Tuesday, October 17, 2017

Running Commentary: Smashing the State (1981)

The Running Commentary Column from the March 1981 issue of the Socialist Standard

Smashing the State
It would be suicidal to take on the power of the governmental machinery from the outside, like throwing a few stones at a rocket bomb from a distance. The state includes much more than just police and soldiers — a point very well demonstrated by the exposure of a secret Post Office circular in Time Out magazine (No. 562, January 1981). The document in question was first sent to Local Authorities in 1975. It gives details of the “Telephone Preference Scheme”, which says that in any “civil or military emergency”, only those in “categories one and two” could make telephone calls, while the rest of the population would be able only to receive calls and listen, not make calls or talk. Only ten per cent of people are in the special categories whose telephones would be able to make calls: national and local government offices, police, armed forces, MPs, judges and magistrates, newspapers, the CBI and other employers’ organisations, certain trade union offices and factories, banks and prisons.

If a growing socialist movement ignores the centres of power in present-day society we will be cut off from the vital channels of organisation. We openly contest elections on this basis. Our candidates are unimportant as individuals. We are mandating them to go and ensure, as a body, that the current powers of coercion are not used against us. There is no other way in which we can operate in organising democratically to establish a system of society which will itself be democratic. We have the power to end this travesty of democracy. The MPs elected by the workers recently voted 172 to 111 to reject a Freedom of Information Bill giving individuals access to personal files held on them by government agencies. That is just one example of what supporting the status quo means.


Reagan’s millionaires
The massive power of the American electorate has just sent Carter back to his peanuts in the South and brought in another representative of the profit system, Ronald Reagan. The cabinet Reagan has chosen are not just defenders of the existence of property for the few and poverty for the rest. They are also owners of vast properties themselves.

Ten out of the seventeen are multi-millionaires. CIA Director William Casey has S5.2 millions and the Attorney-General, William French Smith has S5.8 millions and an income of S850,000 a year. Secretary of State General Haig has made S2.1 millions out of the American working class during the past year alone and the unearned income of the Labour Secretary Raymond Donovan is about 1 million a year (Guardian 27/1/81).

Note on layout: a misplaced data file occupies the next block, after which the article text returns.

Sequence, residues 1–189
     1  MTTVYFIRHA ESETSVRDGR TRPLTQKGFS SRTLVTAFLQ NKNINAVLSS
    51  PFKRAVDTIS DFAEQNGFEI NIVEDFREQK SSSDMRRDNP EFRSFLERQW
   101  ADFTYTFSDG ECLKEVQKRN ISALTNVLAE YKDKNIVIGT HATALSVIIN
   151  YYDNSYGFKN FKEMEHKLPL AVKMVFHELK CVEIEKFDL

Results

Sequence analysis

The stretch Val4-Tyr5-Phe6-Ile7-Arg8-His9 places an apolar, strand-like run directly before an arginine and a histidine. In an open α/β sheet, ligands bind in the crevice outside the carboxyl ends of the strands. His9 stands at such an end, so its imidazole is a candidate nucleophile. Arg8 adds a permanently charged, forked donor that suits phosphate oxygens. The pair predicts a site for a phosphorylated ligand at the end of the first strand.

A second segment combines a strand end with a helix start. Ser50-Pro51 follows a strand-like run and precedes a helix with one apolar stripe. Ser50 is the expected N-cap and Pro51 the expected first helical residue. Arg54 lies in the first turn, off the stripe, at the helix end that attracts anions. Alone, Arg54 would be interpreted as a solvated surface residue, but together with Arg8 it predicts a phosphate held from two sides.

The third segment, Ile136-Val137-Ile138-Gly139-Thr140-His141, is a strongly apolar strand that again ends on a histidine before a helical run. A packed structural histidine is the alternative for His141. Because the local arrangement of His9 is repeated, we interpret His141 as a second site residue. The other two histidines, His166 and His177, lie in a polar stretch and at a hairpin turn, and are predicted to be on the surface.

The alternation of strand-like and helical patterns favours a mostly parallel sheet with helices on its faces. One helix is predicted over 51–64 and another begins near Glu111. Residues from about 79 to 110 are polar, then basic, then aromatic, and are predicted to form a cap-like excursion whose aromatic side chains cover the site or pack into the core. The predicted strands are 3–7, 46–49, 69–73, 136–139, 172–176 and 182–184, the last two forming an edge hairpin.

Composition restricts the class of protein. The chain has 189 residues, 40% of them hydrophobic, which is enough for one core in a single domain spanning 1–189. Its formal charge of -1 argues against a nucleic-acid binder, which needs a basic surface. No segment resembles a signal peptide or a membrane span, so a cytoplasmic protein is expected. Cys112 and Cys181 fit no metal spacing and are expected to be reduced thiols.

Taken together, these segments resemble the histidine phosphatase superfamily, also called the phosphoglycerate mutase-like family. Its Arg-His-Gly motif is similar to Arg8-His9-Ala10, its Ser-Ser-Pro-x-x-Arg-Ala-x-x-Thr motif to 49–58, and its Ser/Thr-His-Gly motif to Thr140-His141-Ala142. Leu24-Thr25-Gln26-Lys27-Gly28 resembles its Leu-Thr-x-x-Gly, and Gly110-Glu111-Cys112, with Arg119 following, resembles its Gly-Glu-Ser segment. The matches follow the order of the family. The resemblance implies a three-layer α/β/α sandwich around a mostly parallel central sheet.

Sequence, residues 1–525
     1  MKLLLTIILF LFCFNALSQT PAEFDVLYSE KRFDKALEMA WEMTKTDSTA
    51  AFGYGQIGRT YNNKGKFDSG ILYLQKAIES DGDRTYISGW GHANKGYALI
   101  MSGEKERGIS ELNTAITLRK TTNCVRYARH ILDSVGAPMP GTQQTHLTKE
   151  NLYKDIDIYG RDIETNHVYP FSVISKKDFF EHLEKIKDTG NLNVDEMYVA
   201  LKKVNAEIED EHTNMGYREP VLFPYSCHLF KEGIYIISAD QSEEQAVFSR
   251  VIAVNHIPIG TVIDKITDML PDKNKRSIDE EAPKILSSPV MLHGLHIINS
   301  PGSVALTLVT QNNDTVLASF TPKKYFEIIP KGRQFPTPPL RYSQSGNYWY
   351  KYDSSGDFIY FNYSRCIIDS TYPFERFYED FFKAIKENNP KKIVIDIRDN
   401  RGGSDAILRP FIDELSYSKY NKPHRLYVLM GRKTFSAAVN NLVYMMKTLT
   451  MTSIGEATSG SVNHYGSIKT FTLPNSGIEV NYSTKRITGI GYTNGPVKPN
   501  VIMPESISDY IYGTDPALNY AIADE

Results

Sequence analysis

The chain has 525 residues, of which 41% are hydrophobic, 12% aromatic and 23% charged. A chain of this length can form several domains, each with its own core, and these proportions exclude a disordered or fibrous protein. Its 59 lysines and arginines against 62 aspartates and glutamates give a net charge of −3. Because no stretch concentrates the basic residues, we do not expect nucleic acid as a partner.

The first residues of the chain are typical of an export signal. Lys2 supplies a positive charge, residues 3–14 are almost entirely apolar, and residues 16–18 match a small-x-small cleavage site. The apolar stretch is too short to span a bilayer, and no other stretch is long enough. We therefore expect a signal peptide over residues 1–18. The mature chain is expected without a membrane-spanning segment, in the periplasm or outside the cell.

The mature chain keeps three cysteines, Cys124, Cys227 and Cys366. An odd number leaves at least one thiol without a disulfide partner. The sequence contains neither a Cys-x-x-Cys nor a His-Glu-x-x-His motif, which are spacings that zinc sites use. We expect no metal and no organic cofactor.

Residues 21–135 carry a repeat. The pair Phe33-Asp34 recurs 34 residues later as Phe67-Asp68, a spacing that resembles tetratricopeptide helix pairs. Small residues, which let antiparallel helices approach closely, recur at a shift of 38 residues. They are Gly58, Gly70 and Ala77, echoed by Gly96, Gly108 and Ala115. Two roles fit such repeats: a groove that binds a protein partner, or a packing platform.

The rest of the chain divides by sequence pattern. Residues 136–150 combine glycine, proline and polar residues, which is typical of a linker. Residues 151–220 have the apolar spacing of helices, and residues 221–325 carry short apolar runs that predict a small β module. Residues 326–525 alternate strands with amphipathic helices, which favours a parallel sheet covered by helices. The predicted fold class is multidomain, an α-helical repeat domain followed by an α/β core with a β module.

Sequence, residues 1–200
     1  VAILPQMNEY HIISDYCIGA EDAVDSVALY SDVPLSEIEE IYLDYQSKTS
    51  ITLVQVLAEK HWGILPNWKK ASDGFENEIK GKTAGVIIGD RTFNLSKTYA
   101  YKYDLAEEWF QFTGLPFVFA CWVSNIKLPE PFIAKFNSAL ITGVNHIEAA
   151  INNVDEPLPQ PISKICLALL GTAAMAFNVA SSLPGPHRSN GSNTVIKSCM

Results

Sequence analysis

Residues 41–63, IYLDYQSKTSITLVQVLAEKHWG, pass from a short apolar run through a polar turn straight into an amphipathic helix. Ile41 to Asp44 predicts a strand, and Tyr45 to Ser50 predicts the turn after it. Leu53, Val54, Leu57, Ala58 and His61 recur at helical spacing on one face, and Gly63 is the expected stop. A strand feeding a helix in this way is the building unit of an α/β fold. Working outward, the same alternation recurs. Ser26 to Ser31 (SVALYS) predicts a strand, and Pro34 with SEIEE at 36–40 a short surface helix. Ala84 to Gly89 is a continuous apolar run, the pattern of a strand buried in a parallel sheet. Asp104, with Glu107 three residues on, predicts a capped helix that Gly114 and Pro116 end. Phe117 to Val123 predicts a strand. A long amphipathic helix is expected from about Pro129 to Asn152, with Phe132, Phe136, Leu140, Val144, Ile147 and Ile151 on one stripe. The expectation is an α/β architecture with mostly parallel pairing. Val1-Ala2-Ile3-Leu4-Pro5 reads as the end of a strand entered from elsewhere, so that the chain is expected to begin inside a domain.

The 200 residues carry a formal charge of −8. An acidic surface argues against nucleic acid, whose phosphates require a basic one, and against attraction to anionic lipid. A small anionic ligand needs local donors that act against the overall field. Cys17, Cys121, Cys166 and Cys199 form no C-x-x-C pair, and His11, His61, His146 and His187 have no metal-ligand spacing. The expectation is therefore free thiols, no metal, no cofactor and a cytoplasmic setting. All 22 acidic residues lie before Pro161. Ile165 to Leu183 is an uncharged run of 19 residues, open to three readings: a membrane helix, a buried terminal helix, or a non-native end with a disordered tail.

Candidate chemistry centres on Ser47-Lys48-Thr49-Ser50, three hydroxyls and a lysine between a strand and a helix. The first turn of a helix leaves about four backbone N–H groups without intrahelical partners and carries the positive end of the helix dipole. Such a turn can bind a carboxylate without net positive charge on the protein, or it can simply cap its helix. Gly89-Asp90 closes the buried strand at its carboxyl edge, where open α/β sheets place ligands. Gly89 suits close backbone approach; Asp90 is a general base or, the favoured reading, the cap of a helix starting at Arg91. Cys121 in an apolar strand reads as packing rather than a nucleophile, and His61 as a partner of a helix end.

American workers should remember this when the cabinet asks them to work harder, “pull their belts in” and, if necessary go and die in battle for “their” nation. The nation and the state are controlled by that cabinet on behalf of the owning, employing class in America.


Free press?
In order to sell 3.8 million copies of the Sun each day, Rupert Murdoch mounted a massive television advertising campaign, which cost thousands of pounds each second. The Sun is just one of many newspapers which Murdoch owns and controls, filling millions of workers each morning with prejudices which are protecting the power of their bosses. In Britain alone, he also has the News of the World and now, it seems, the Times empire.

At a time when we are constantly told that “the country” is going through hard times and that “we” must learn to cut down, Rupert Murdoch has enough private wealth to buy an entire newspaper network His papers build up high readerships not just by the bared flesh of Page Three, but also by fitting in with ideas and assumptions which are reinforced by other media and by social pressure and persuasion.

On any major issue the Express, the Mail, The Times, the Telegraph, the Guardian, the Sun, the Mirror and the Star can all be expected to give similar views. For example, they all say that it is necessary to have employers and workers, rich and poor, because of “human nature”. They never question the real cause of problems like war, racism, poverty; they will never take a realistic class view of society.

So whether it is Murdoch who controls The Times, or whether it is any other capitalist, such as “Tiny” Rowland (whose latest shopping list includes Dickens and Jones, Harrods, Barkers and D. H. Evans, when most people can’t even afford to buy items in those shops, let alone the shops themselves) we will read the same stories.


What are you worth?
The December 1980 issue of The Safety Representative contains an article, “How Much Safety Can We Afford?" which explains how commercial enterprises make decisions about environmental and safety measures. One method used, called “weighing in the balance”, involves a direct comparison of financial costs. “For example, we can compare the cost of preventing an accident with the costs of the damage and injury it will produce”.

This means having to put a price on human life, and the article recommends such books as The Valuation of Human Life by G. H. Mooney (MacMillan, 1977) and The Value of Life by M. W. Jones- Lee (Robertson, 1976). An alternative method, called “standard setting” involves choosing a particular degree of safety and then aiming to maintain that level.

We are not living in a democracy; enterprises are owned and controlled by small groups of shareholders. Companies compete, trying to cut costs and capture markets, in order to maximise shareholders’ profits. The outcome is this horrific pricing of human life, the cost accounting of humanity. If co-operation and production for free use replaced competition and production for profit, there would be no need to cut costs; the only standard of value would be the quality of life and the direct satisfaction of human needs.
Clifford Slapper

Trade Unions and Socialism (1981)

Editorial from the April 1981 issue of the Socialist Standard

In the continuing debate about the role, the power and the function of trade unions there are basic misconceptions on both sides.